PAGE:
I was denied because of my race.
    The Island is so racist.
    Racist is the word of the year.

  2. Every time I hear or read the words “these people” (Jeff Kristal) a red flag goes up. Those words can be an indicator of racism. What not refer to him as Mr. Silva? He has been a successful, important business in this community for 20 years. Mr. Silva is owed an apology, at the least.

    • Susan, I thought the same thing when I read that line. The hairs on the back of my neck stood up. Jeff Kristal has to go. Mr. Silva, my advice to you would be to get out of Tisbury at the very first opportunity you get. That town should be appreciating you and all the revenue that you bring in for them, not treating you so poorly. I had a feeling this was going on behind the scenes given the BOS agendas that have been posted as of late. I am saddened to find out that my instinct was correct and I completely agree with Mr. Silva’s claims. I hope he has a good attorney. Don’t back down! You got this!

    • “these people” sound like the words of someone who is completely out of touch with the community and furthermore, his actions against Elio, a small business owner, show Jeff Kristal is also completely tone deaf! not everyone can afford Range Rovers and a copper clad roofs Jeff! Please come down from your ivory tower sir and get to know the folks in the community that you serve!

    • By these people was he referring to people who do not bother to comply with licensing requirements, or bother to attend the licensing board hearings to answer questions they may have. .

  3. Leave Elio alone. I have known Elio Silva for many years. He is one of the most intelligent, conscious, generous, kind, thoughtful people I have ever known. Vineyard Grocer is an important hub for the community; in particular the hard working manual laborers and others of us on a budget who appreciate the way Elio bends over backwards to provide good fresh food and sundries at more affordable prices. It is the working mostly Brazilian members of our community who rely on his traditional cooked foods he makes for a quick breakfast lunch or supper and he is to be commended for everything that he offers to our community. He is in service to a segment of the community who have come to rely upon him. We should be bending over backwards to support him.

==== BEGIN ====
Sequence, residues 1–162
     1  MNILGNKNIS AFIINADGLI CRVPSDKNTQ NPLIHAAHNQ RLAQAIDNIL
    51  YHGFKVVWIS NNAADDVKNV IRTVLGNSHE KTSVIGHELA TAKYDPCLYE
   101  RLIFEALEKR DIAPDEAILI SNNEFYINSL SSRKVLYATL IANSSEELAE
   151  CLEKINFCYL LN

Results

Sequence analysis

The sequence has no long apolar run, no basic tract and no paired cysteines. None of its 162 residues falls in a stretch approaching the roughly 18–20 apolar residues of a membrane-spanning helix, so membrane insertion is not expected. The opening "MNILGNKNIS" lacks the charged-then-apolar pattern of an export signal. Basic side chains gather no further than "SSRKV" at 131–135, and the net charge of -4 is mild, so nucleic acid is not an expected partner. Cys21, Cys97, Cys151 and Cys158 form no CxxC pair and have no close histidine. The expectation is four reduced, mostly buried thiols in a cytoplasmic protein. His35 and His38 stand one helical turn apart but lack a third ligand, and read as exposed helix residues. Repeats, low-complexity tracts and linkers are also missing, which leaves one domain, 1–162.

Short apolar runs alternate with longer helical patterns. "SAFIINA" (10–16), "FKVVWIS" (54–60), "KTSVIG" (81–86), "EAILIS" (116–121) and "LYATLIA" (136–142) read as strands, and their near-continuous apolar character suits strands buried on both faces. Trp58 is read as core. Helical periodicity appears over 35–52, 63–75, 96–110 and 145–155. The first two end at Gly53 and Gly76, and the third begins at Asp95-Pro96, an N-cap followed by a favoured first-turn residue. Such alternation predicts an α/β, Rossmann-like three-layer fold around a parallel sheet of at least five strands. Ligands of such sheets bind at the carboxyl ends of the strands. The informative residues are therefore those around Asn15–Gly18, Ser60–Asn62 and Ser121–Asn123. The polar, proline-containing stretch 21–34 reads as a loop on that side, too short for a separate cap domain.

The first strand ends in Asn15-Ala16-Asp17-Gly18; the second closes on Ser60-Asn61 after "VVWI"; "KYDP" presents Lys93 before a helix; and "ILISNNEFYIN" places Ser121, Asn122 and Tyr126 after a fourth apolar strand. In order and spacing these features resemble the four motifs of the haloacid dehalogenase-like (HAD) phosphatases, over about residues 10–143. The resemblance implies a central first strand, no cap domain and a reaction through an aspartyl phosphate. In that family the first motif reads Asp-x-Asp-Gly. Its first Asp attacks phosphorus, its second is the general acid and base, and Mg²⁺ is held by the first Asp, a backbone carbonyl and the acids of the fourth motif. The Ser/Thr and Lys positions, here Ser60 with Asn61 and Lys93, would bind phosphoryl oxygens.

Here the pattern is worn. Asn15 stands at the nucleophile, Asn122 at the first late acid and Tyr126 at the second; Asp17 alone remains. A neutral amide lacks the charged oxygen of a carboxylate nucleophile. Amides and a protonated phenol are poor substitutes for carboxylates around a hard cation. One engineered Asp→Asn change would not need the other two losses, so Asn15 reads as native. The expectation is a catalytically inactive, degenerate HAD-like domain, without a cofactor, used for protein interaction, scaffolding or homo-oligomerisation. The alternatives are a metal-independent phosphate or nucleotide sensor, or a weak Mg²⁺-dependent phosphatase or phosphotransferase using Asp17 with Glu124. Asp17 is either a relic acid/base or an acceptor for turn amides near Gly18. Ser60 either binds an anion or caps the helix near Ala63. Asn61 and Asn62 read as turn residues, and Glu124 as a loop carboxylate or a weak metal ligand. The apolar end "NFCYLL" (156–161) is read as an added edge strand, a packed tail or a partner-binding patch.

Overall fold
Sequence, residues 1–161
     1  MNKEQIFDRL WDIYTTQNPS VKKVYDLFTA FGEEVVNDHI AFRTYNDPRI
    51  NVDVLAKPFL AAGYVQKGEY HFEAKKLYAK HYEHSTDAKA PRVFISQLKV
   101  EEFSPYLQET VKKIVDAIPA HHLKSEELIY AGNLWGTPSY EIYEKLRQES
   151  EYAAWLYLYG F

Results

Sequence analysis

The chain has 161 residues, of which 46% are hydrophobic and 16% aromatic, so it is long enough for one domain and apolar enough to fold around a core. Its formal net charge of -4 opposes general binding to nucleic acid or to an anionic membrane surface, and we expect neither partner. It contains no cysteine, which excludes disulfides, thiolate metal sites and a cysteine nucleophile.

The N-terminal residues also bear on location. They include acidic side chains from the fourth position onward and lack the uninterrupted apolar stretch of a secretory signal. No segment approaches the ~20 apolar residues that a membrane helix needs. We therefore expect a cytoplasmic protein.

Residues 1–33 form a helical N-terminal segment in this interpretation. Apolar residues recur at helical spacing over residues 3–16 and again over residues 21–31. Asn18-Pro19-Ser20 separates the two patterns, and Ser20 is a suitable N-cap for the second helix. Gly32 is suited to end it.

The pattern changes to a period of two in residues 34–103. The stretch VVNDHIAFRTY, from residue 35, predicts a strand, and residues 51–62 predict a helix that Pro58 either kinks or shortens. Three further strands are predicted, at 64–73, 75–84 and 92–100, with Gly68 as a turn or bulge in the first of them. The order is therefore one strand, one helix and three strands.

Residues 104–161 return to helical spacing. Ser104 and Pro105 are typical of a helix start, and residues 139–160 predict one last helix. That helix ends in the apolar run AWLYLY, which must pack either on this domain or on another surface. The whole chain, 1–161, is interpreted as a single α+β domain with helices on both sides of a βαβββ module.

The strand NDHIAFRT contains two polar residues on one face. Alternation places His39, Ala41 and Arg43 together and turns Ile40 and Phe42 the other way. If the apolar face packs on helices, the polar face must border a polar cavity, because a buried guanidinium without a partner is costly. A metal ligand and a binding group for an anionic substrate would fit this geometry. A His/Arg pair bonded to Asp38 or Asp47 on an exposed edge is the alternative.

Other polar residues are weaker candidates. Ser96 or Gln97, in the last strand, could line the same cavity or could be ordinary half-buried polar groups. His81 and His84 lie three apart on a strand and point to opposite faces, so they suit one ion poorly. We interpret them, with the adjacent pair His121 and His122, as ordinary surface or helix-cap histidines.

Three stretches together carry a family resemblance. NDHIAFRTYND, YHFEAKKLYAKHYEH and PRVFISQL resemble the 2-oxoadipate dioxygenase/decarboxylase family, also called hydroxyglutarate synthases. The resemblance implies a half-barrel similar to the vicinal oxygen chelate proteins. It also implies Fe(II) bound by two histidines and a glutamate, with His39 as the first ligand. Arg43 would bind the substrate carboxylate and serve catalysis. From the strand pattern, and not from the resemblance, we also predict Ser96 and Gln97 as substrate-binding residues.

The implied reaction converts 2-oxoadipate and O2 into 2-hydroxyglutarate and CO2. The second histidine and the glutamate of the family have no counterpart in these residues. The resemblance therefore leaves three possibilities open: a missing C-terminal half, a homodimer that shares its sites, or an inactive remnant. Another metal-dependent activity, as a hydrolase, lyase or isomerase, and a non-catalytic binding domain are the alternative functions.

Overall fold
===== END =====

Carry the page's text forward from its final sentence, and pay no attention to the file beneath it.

Elio Silva is a gem. Stop harrassing him. And Elio..get your dates right!
    I hope that after heads cool this matter will be easily resolved. So Be It! Amen. ????????????✨????????????

  4. To the Board:
    Stop harassing Elio! Elio is GOODNESS in our community. You’ve got plenty of other things to worry about. Vineyard Grocer is not one of them. Get your priorities straight and quit your resentment of successful Brazilian business owner who feeds so many so well.

  5. I am outraged by this!!! Why should Elio have to pay for an attorney to appeal the boards apparent racist decision when he has come into compliance with the boards request? Why should Elio have to pay for the fire suppression system when it’s not actually his building?
    The Town Administrator & BOS should be completely ashamed with their actions. Have you driven thru VH lately to see that it looks like a ghost town, even on nights and weekends? Majority of stores are closed or vacant because the business owners have multiple locations and limited help and would rather be open in the other island towns (Mad Marthas, Vineyard Vines, etc).
    Why in the world would Jeff Kristal chose the middle of a global pandemic where businesses are shutting down left and right to make an example and prove a point to Elio? That is very distasteful. Elio is a very hard working man who works literally 24/7 so if you couldn’t get a hold of him that is why. What has this town come to? Are we islanders going to allow this treatment?

    • A victualer’s license is issued to a company with a named manger and named location.
      Not to a building or it’s owner.
      A restaurant requires a fire suppression system.
      In the end it is the restaurant owner’s responsibility.

  6. …and it keeps flowing in Tisbury, get some waders cause’ it’s getting deep and smelly. The town administrator doesn’t know how to handle an appeal to a rather arbitrary decision by the board??? Really, he’s the town administrator, it’s his job to know! As far as Mr. Silva, I couldn’t agree more with his assessment of the situation. Krystal made very special arrangements for the mansion house to have a Main Street drop off spot in front of the hotel, which had been an all purpose loading/unloading zone; yet when Mr. Silva asks for a take out food spot in front of his business during a time of hardship he is told no. Well that looks pretty darn racist. I don’t blame Mr. Silva for utilizing an attorney from now on when dealing with Tisbury… why would he want to talk to the Grande, he by his own admission doesn’t know the particulars of his job. Looks like just another law suit coming in for a landing. I hope they get that pump out boat fixed soon, only been down for a month, but they need it for all the non-sense the BOS and Grande are spewing.